A review of Techne: Queer Meditations on Writing the Self by Jacqueline Rhodes and Jonathan Alexander, 2015. Computers and Composition Digital Press
Alexandra Hidalgo, Michigan State University
(Published November 22, 2016)
“[w]e face the simultaneously exhilarating and terrifying possibilities of proliferating subjectivities within proliferating discourses and contexts. The question becomes how to write such selves rather than why.”
Jacqueline Rhodes and Jonathan Alexander
Rhodes and Alexander’s Techne is an extraordinary piece of scholarship for various reasons that I enumerate here. Techne pushes the boundaries of Queer scholarship in our field by helping us experience Queerness as we engage with the text. The piece is rhizomatic in its build. The path through it is not traditional, and even if one chooses to go through the most traditional route—by pressing the forward arrows—it is still difficult to know where in the book one is located. There is a sense of mystery and disorientation that comes with this piece that mirrors the experience of being a Queer person finding their way through the world. The gorgeous video work also has a tinge of the enigmatic, asking to be seen a few times in order to understand its various meanings. As with the Queer experience, nothing is spelled out for us, but there is great richness and reward in making sense of how to inhabit the world that is this book.
The book opens new directions for memoir in our field. We have a long history of nuanced memoir work dealing with Otherness, such as Victor Villanueva’s Bootstraps and Keith Gilyard’s Voices of the Self. Techne adds something new to that trajectory by portraying two people’s experiences in the same work and gently inviting us to draw connections, to find differences and parallels. The piece also brings something new into book-length investigations of the self by blending video, family photographs, music composed by Alexander, and poetry by both authors in order to give us a more complex way of experiencing their personal journeys. By blending their theoretical and autobiographical writing with these different archival and artistic pieces, Rhodes and Alexander give us nuanced and embodied portraits of their lives.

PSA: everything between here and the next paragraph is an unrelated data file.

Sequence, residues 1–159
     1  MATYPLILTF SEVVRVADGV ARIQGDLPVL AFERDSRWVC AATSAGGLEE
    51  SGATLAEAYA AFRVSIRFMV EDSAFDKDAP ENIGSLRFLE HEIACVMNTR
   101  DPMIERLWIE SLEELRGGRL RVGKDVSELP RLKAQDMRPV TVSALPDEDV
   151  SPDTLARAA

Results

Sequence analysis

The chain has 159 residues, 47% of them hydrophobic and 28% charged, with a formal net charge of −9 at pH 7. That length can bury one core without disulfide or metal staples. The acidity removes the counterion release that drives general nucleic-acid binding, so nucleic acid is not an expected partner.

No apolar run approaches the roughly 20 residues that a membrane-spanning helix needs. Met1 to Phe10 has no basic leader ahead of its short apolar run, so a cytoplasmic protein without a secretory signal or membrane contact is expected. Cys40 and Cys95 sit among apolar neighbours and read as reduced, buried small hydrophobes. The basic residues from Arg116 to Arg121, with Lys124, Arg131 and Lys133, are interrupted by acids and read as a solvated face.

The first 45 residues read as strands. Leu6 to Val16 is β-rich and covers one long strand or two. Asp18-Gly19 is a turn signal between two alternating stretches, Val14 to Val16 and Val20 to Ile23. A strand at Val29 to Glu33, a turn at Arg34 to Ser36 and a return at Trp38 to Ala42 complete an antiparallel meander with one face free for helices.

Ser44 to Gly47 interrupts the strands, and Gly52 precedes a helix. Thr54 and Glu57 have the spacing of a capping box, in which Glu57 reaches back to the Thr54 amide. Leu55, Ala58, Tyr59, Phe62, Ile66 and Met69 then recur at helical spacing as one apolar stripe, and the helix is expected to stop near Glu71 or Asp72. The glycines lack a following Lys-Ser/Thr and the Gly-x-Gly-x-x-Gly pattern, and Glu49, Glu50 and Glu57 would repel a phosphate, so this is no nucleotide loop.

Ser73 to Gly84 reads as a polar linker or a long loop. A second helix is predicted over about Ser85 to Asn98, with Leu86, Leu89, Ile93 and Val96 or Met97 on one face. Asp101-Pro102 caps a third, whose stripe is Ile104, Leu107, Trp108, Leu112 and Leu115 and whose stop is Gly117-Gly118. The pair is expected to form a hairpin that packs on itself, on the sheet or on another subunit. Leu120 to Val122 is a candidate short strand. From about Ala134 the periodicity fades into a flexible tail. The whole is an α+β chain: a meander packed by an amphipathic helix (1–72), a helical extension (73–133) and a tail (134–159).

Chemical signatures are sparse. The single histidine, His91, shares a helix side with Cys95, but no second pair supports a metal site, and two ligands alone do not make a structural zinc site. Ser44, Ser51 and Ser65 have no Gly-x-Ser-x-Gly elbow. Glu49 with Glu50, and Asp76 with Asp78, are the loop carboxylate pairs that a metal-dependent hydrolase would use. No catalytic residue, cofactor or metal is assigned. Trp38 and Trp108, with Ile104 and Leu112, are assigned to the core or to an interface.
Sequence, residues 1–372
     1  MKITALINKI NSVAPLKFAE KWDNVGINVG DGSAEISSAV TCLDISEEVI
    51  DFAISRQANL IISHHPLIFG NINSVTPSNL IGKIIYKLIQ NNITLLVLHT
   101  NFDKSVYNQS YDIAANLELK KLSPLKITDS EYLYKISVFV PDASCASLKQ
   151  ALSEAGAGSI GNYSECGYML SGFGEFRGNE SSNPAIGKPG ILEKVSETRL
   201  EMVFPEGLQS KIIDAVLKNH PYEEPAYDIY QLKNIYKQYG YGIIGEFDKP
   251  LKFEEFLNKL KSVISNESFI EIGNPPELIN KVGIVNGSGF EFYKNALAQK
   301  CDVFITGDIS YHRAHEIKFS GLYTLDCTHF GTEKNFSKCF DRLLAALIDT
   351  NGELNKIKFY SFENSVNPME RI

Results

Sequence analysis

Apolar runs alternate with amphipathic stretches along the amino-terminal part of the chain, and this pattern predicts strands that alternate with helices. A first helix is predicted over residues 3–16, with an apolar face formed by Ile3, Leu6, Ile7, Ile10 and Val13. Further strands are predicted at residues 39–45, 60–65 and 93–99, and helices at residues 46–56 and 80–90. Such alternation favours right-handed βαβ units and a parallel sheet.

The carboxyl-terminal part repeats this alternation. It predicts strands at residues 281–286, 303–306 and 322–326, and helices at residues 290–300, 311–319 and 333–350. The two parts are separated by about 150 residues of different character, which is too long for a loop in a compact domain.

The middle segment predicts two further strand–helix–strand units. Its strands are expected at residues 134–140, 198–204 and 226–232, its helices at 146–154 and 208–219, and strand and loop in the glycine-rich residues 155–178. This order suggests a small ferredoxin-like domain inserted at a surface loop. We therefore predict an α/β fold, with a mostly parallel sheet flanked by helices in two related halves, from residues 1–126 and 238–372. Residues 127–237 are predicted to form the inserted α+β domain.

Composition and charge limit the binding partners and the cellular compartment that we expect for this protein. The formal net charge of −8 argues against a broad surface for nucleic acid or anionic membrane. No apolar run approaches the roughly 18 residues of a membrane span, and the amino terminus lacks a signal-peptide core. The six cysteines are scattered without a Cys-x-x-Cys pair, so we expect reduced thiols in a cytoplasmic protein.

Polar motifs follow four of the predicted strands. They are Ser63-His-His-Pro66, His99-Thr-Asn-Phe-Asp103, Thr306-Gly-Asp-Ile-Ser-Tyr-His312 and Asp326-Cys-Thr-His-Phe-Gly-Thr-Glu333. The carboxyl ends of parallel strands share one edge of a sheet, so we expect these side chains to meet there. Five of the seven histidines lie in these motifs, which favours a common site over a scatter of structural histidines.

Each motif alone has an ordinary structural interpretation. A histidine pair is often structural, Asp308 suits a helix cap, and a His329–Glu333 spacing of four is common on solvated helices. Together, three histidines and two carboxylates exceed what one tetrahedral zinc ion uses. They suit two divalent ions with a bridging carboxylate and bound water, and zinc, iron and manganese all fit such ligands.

Techne provides a deep exploration of what pathos can do in order to heighten the impact of a work. Rhodes’s discussion of being a sexual assault survivor and Alexander’s account of the way he and his gay uncle were politely ostracized by their family provides a lived-in understanding of the profound pain that life can bring. Their accounts, however, also dig into the insight and wisdom that can be gained from these difficult experiences. They show how having a rhetorical understanding of what it is to be human—and Queer—can turn these experiences into the very fabric of our ability to be empathetic and to create transcendent art and work.